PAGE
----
Alabama coach Nick Saban has said he "will never be the same" after last week's deadly tornadoes hit Tuscaloosa. And for those who still don't quite grasp how scary things got in Alabama, this footage taken from Saban's office will drive home the enormity of what took place:

This tornado avoided the football complex, but the program suffered greatly. The girlfriend of Crimson Tide long snapper Carson Tinker was killed when the storm threw the couple from their house. (Tinker was released from the hospital Wednesday. He sustained a broken wrist and other minor injuries.)

Saban has spent considerable time visiting shelters and devastated areas of Tuscaloosa over the past week. When he has left town to play golf, it was done to raise money for tornado victims. The Chick-fil-A Bowl Challenge, an annual charity event in North Carolina between SEC and ACC coaches, presented Saban with a check for $70,000 on Tuesday. Saban played in a pro-am Wednesday in Birmingham at the Champions Tour's Regions Tradition, an event that raised $50,000 through an auction.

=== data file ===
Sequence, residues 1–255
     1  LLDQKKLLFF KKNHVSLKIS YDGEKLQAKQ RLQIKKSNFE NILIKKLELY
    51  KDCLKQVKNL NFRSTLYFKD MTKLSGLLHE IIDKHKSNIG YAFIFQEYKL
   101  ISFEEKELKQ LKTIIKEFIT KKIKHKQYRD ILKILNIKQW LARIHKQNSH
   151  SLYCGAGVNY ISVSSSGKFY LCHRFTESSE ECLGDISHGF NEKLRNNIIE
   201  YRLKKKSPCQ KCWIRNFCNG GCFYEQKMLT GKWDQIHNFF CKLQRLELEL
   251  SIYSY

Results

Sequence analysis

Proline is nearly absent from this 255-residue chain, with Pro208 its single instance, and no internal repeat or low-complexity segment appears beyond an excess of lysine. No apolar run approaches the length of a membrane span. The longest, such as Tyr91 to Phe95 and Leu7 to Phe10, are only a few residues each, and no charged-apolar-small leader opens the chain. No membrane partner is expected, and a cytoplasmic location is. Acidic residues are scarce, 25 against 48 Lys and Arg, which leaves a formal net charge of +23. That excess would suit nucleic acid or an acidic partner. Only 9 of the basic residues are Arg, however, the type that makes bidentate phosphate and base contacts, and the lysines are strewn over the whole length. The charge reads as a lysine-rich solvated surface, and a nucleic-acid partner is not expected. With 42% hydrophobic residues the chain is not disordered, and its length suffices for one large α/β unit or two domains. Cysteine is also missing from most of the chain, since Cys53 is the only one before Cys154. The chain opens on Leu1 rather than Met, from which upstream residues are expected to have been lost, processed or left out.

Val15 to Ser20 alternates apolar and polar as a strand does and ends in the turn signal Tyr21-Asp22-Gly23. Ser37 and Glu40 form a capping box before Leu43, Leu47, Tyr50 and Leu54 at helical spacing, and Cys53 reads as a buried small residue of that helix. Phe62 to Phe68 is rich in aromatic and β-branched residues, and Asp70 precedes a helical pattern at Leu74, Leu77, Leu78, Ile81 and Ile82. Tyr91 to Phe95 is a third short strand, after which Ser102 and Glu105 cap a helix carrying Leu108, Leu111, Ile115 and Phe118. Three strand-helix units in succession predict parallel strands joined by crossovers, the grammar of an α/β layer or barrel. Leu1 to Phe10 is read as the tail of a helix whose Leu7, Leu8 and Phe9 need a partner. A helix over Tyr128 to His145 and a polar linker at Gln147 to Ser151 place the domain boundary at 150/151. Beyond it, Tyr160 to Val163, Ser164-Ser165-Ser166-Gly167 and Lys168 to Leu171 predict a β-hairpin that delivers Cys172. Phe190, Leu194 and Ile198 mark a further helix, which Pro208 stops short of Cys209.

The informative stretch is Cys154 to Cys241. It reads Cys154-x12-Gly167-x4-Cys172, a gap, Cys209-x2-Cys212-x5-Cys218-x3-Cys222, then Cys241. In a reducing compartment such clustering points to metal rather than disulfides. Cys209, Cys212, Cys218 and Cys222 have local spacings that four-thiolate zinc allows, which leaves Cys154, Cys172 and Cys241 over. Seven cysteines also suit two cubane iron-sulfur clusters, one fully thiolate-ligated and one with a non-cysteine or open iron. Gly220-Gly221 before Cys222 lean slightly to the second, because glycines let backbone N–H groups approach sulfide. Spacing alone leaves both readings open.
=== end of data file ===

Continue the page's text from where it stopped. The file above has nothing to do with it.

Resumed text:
Saban has also encouraged his players to participate in relief efforts, saying that the team must be more than just a group that plays football for 12 to 14 Saturdays in the fall.

"Some of the guys that went out right after it happened and tried to help people and pull people out of homes, I think they were shaken up with what they saw," Saban told reporters Wednesday. "Until you actually live through something like this, you don't really have a good feeling for the personal devastation and how it affects people."

That includes Saban himself.

"I met a man with only one leg who had worked three years to get a truck that would allow him to drive. And now it's gone," Saban told "Once you see it and understand what one of these storms can do, it changes you forever."

"What I've learned, and what I hope everyone learns, is to not take these weather threats casually. I am guilty of hearing tornado warnings and not being as aware as I should. You kind of get numb about it after a long time. You can't do that."

"Tuscaloosa is not going to be the same," Saban went on to say. "We need to do everything to support what needs to be done to get the community back to normal. It's going to take some time."

-- To make a donation, visit the Red Cross website.